History is replete with examples of inventions that ought to have been used specifically for the betterment of mankind being hijacked, misused and abused. But perhaps the most glaring is the recent widespread use of social media for the organisation and execution of criminal activities in cities in England. According to reports, Facebook, but mainly Twitter and Blackberry Messenger (BBM), have been used by the ringleaders to draw mobs/gangs to particular areas where they would loot and burn stores and other businesses, rob people and generally disrupt lives and livelihoods.
The average British ‘copper’ does not carry a gun and is trained to not counter violence with violence. The ‘louts,’ well aware of this, knew that in their numbers they could challenge authority and get away with it, which they did initially until the authorities recognised that the flash gang crimes were worsening and that action was needed to restore some semblance of order and normality. In what could only be described as a knee-jerk reaction, there was an initial proposal made by the ‘top brass’ to shut down these social media sites to curb the violence. So far it has not happened. Instead, the police were able to use Twitter and BBM to thwart other proposed organised criminal activity in England and to arrest and charge some of the organisers of these hateful activities. Despite this, the police have not completely ruled out shutting down the social media sites to definitively put a lid on the riots; they said it will still be pursued as part of their investigative strategy.
Facebook, Twitter and Research in Motion’s (RIM) BBM services were set up to allow people to stay in contact with each other, as well as in tune with the latest news, among other things. There is no way that the developers of any of this technology would have allowed it to proliferate had the recent violent activity been foreseen. Questions have been raised too as regards the twin issues of privacy and security, given that in the case of the issue mentioned above, the production companies would have agreed to cooperate fully with the police.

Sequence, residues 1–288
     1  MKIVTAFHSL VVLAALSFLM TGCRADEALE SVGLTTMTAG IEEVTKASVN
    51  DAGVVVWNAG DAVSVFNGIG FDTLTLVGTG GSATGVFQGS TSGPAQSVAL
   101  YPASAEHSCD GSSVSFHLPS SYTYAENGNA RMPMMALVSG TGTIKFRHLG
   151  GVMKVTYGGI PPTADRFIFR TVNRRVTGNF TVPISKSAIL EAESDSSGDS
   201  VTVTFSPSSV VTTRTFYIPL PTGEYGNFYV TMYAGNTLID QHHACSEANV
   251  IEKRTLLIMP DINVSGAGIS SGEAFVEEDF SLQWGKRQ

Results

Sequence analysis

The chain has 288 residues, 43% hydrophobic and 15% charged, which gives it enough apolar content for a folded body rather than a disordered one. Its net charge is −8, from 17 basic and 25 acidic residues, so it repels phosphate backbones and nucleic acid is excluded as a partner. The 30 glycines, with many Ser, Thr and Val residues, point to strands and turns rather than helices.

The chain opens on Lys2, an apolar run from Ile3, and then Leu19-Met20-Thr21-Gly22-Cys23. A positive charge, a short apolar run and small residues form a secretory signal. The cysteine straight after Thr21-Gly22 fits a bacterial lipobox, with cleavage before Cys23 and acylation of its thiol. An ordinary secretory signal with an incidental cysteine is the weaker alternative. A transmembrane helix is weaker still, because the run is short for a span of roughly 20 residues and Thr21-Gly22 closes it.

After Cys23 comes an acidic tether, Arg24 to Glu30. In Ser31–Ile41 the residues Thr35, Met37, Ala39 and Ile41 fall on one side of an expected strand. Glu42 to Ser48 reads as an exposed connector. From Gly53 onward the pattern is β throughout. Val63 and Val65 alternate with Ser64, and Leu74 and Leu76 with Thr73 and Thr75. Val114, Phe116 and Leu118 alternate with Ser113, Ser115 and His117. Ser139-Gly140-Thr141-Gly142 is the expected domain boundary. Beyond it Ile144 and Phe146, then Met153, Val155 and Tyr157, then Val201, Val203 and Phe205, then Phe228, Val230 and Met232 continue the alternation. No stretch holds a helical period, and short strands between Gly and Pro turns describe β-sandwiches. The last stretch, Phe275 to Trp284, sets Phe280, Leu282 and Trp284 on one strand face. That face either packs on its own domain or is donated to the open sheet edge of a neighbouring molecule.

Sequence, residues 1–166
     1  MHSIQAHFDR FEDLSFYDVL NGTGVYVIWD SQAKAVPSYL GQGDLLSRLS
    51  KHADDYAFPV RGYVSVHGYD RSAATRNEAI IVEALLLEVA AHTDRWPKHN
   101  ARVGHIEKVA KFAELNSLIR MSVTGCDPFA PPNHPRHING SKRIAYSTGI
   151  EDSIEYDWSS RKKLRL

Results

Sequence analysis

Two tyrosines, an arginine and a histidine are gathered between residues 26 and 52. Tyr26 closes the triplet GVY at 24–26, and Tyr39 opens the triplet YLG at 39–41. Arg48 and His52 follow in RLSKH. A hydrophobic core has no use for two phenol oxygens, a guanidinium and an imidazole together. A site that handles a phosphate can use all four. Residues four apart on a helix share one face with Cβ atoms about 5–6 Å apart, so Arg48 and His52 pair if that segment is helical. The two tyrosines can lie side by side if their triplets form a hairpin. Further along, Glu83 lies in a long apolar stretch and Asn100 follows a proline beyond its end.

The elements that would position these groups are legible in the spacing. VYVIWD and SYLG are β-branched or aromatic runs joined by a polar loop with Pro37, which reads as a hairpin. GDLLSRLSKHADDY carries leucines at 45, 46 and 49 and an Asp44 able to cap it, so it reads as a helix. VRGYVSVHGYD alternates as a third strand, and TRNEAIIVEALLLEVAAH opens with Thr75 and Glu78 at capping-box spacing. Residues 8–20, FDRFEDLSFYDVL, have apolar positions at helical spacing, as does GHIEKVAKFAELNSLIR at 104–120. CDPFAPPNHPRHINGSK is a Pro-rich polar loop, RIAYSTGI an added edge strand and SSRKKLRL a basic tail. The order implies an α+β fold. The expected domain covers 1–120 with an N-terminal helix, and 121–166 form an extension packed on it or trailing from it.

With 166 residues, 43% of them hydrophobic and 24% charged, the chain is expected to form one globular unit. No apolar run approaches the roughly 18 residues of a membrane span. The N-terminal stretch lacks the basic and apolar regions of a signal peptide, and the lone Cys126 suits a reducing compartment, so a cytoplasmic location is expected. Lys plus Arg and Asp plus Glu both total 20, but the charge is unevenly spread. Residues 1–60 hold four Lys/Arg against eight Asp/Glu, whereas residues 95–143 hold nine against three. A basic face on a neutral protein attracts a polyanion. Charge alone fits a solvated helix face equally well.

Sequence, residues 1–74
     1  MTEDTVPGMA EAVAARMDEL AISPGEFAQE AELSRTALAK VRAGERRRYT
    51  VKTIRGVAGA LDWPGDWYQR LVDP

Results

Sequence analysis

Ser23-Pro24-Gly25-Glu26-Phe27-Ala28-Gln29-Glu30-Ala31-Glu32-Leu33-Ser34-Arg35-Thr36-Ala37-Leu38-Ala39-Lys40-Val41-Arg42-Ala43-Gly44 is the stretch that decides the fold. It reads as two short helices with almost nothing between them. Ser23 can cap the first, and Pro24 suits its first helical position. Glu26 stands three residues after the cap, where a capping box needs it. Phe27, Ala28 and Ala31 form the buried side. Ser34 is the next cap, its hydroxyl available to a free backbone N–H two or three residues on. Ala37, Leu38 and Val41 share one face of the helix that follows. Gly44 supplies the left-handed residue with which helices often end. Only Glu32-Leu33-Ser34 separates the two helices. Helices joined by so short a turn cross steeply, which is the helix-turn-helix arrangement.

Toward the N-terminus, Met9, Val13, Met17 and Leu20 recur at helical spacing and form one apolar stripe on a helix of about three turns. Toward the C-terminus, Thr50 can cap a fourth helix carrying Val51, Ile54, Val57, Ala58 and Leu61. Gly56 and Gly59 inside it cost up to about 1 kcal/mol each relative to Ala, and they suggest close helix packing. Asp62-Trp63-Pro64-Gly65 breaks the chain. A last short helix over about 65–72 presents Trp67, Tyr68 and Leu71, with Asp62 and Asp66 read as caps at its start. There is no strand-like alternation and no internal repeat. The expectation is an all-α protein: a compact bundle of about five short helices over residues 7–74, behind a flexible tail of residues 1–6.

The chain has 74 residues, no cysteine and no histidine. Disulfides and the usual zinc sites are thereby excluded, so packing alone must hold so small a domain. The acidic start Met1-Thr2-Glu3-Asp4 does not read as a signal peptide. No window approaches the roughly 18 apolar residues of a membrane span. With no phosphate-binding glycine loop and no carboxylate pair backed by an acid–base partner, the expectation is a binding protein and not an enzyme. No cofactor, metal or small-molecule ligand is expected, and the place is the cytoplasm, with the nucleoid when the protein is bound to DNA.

But where does that leave everyone else? What of the people who use social media to reconnect with long-lost friends and family, or for enjoyment or business? Should Peter be made to pay for Paul in this instance?
Lest we forget, misuse and abuse of social media occur all the time. The only difference is perhaps the fact that these unsocial thugs took it up on a grand scale. Even as this column is being written and read, children below the stipulated age are signing up for and logging in to Facebook and Twitter. Paedophiles are also out there posing as underage children, luring other children into their webs in order to prey on them. Stalkers are trolling the World Wide Web looking for their next victims. Pornography is being uploaded onto websites. All of this is well known, but none of it even on the largest of scales has seen a call made for even the temporary closure of any of these extremely popular social media.
However, perhaps these recent events will serve to move the owners of the social media to actually enforce what is contained in their terms of service agreements that users must accept before being allowed to sign on for the first time. Facebook’s terms, updated as recent as April this year, threaten to pull the plug on users who “post content that: is hateful, threatening, or pornographic; incites violence; or contains nudity or graphic or gratuitous violence”.
RIM meanwhile, “reserves the right to review materials posted to or sent through a communication service and to remove any materials in its sole discretion. RIM further reserves the right to terminate your access to any or all of the communication services and this site at any time, without notice, for any reason whatsoever.
“RIM reserves the right at all times to disclose any information as RIM deems necessary to satisfy any applicable law, regulation, legal process or governmental request…”
Many persons freely admit that they do not take the time to read terms of service when joining social media; they simply click “I agree” and move on to where the action is. It’s obvious that the troublemakers in London, Manchester and other cities in England fall into this category. The companies concerned should follow through on their warnings and dump them as customers with a lifelong ban. Where social media are concerned the unspoken rule has been the more the merrier, but sometimes it has to be about more than the bottom line.